We have 2 tables in a database. The tables are:
As you can see, Customers has Cars as a foreign key. It means that every customer has an ID number, a Name and a Car ID that points to the corresponding car in the Cars table. You can see the tables’ structure in the following picture:
Every car has a Car ID, a Brand and a Price.
Ok, now lets make a query. What we want is: Get a list of all customers who has an Audi car. Using joins, the query would be:
SELECT Name From Customers Inner Join Cars ON Customers.Cars = Cars.CarID
WHERE Cars.Brand like 'Audi';
Honestly, I don’t like to use joins myself. It would be difficult to explain this query to a person who doesn’t know anything about SQL. An alternative comes from the following pseudocode:
Use the Testools database;
Get the names from the Customers table
Where the Cars equals to (get the Car Id from the Cars table Where the Brand equals to Audi);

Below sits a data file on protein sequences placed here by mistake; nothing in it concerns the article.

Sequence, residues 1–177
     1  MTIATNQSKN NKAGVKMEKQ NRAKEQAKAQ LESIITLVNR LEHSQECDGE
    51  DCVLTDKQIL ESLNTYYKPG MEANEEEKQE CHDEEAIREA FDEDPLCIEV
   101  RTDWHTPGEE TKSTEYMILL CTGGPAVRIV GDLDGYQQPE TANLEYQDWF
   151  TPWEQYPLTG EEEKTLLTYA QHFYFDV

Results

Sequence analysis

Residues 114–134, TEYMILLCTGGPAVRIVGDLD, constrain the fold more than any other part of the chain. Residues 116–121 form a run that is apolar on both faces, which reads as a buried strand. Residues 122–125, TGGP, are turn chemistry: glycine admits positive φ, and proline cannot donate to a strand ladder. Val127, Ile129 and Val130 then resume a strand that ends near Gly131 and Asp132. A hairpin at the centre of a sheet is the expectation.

That is more understandable for anyone. You just put the result from the query get the Car Id from the Cars table Where the Brand equals to Audi into Cars, since you know that the query will return an ID for the Audi brand, and that Cars stores IDs for the cars. Translated to SQL, the query is:
SELECT Name From Customers
WHERE Cars IN (SELECT CarID from Cars where Brand like 'Audi');
As you can see, the result is the same. The query is just more understandable and simple. Think about the “IN” like “EQUALS”.